Clematis – the Queen of the Vines

Whether scrambling up trellises or climbing over arbors, Clematis, known as Queen of the Vines, has aptly earned her title. With large, lavish blooms coming in a number of different colors, the most popular being shades of purple, every gardener should have the pleasure of growing a Clematis.

Clematis is much easier to grow than people think.

Clematis is a perfect addition to add vertical interest if you have limited space, when you can’t go “out”, go “up”, and is just as impactful when you have plenty of space for gardening. It can be grown in a garden bed, along an outside wall or even in a patio container, and will reward you with blooms in spring or late summer. And because it is a perennial, it will come back more beautiful year after year!

The key to success is making sure you have the right variety for the right location.

With so many varieties of Clematis to choose from, mature growth sizes range from 2’ to 30’ tall. With such a wide range in sizes, make sure to check the mature growth on the variety you choose to fit the location you have in mind. Aside from size, color and bloom differences, all Clematis need warm sun on their foliage and cool shade on their roots. This Queen of Vines will thrive in an area that receives at least 6 hours of sunlight a day. To keep the roots cool and help conserve moisture be sure to mulch a few inches from the crown.

Providing support for your vigorous grower from the beginning is a must.

As a climber it is vital to plant your Clematis near a trellis, obelisk, arbor or fence. Garden twine is a great aid to help them grab and grow onto your structure as they begin to climb. Then watch as they climb and intertwine to create a beautiful, natural wall.

Wondering if and when you should prune your climbing queen?

Clematis does extremely well after pruning and can grow back even more vigorously. On all varieties, throughout the season, be sure to snip off spent blooms as well as any dead or damaged vines. Pruning is an especially important part of winter care. As a general rule, in late winter, prune the Large Flowering Hybrid and Late Flowering Clematis varieties back to about 2’ to 3’ above the crown of the plant then wait and watch the show start in spring.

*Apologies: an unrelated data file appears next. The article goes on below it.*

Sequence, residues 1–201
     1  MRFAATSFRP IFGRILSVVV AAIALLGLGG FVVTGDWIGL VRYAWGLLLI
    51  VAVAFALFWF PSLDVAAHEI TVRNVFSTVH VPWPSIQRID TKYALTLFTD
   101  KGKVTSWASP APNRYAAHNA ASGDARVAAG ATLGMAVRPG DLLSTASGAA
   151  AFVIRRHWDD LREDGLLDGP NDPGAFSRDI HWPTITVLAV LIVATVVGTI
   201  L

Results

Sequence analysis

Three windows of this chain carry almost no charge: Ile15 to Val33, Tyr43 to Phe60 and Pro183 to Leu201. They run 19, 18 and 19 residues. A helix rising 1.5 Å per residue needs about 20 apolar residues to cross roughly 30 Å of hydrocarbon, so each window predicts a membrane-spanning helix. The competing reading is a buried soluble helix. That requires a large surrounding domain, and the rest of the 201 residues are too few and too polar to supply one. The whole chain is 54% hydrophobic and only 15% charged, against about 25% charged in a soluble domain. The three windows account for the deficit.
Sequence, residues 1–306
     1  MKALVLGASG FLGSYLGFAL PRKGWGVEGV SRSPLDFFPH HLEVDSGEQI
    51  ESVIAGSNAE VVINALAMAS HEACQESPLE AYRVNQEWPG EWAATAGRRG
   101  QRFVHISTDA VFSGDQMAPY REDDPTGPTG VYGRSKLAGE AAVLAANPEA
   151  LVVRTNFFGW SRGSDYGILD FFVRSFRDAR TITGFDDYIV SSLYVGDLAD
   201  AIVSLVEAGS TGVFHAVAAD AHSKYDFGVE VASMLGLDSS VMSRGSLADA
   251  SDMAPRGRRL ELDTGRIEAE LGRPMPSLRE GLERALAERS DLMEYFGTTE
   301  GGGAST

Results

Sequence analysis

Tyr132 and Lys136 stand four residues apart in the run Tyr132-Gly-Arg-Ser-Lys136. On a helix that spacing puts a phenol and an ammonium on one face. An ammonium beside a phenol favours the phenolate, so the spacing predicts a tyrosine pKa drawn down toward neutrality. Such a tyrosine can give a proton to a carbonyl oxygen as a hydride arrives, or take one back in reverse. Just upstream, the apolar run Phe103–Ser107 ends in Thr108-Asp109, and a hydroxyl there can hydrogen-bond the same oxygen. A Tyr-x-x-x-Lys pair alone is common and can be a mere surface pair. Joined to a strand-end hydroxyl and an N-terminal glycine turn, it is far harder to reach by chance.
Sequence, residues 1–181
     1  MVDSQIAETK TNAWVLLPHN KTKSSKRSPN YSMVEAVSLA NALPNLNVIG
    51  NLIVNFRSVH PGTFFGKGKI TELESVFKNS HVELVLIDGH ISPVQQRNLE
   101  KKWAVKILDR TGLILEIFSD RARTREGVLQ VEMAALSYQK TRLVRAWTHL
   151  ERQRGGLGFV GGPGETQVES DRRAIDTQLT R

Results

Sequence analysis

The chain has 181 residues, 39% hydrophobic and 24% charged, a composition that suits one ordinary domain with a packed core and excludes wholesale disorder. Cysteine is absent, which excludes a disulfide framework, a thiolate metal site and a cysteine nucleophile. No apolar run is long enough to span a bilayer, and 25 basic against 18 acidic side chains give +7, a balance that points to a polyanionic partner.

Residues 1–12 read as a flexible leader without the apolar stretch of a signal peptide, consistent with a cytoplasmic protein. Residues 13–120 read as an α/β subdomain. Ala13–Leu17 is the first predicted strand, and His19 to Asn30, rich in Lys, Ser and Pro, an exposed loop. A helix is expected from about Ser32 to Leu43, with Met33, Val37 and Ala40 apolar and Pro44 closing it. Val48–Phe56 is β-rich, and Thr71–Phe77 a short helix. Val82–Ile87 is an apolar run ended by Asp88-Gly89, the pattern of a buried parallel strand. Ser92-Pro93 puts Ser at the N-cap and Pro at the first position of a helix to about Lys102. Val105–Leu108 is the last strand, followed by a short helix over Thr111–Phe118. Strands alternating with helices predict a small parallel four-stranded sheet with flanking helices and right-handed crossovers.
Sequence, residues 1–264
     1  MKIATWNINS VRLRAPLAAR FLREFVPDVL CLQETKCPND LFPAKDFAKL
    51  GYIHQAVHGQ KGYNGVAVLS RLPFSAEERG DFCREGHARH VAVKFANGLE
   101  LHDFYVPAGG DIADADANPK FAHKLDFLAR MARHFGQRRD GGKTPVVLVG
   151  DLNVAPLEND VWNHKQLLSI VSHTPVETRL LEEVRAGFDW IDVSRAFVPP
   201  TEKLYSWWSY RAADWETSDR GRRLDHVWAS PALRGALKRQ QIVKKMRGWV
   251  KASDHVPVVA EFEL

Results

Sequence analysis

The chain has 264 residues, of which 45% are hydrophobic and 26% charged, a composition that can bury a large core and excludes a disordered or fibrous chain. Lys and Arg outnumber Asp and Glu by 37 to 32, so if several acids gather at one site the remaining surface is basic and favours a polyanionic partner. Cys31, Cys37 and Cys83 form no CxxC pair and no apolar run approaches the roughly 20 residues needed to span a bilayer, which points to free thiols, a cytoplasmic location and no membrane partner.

Note: Although not as common, Early Blooming Clematis should only be pruned after they bloom in the spring as they bloom on ‘old wood’. 

Looking for an extra breath-taking floral display in your garden?

If you are looking for a breath-taking floral display, consider adding more than one variety of Clematis on the same trellis or even combine climbing Roses into the space! Clematis and Climbing Roses are perfect companions. When pairing climbing Roses along with Clematis, both will happily share and climb the structure. The Roses provide a beautiful fragrance while the Clematis foliage and flowers provide a lush backdrop. 

Are you ready to add this Queen to your garden? We are too!

Recent Posts

Related Posts

Color Your Garden with Spring Flowering Bulbs

With a little bit of effort this fall, you can add a welcoming burst of color next spring with flowering bulbs. Daffodils, Tulips, Crocus and Hyacinth beckon sunny days and warmer temperatures after a chilly winter.

Fall Lawn Seeding

Fall Lawn Care

As the cool, crisp weather of fall approaches, it is important to remember that our lawns need attention, too.

Comments are closed.